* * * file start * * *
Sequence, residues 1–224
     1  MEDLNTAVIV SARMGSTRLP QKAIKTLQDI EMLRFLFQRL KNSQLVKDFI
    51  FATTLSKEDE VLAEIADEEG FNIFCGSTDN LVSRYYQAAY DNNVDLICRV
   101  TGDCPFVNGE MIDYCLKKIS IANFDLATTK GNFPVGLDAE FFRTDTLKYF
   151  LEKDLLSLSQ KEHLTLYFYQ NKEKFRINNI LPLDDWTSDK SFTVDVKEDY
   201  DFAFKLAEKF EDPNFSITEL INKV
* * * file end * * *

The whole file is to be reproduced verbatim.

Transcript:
Sequence, residues 1–224
     1  MEDLNTAVIV SARMGSTRLP QKAIKTLQDI EMLRFLFQRL KNSQLVKDFI
    51  FATTLSKEDE VLAEIADEEG FNIFCGSTDN LVSRYYQAAY DNNVDLICRV
   101  TGDCPFVNGE MIDYCLKKIS IANFDLATTK GNFPVGLDAE FFRTDTLKYF
   151  LEKDLLSLSQ KEHLTLYFYQ NKEKFRINNI LPLDDWTSDK SFTVDVKEDY
   201  DFAFKLAEKF EDPNFSITEL INKV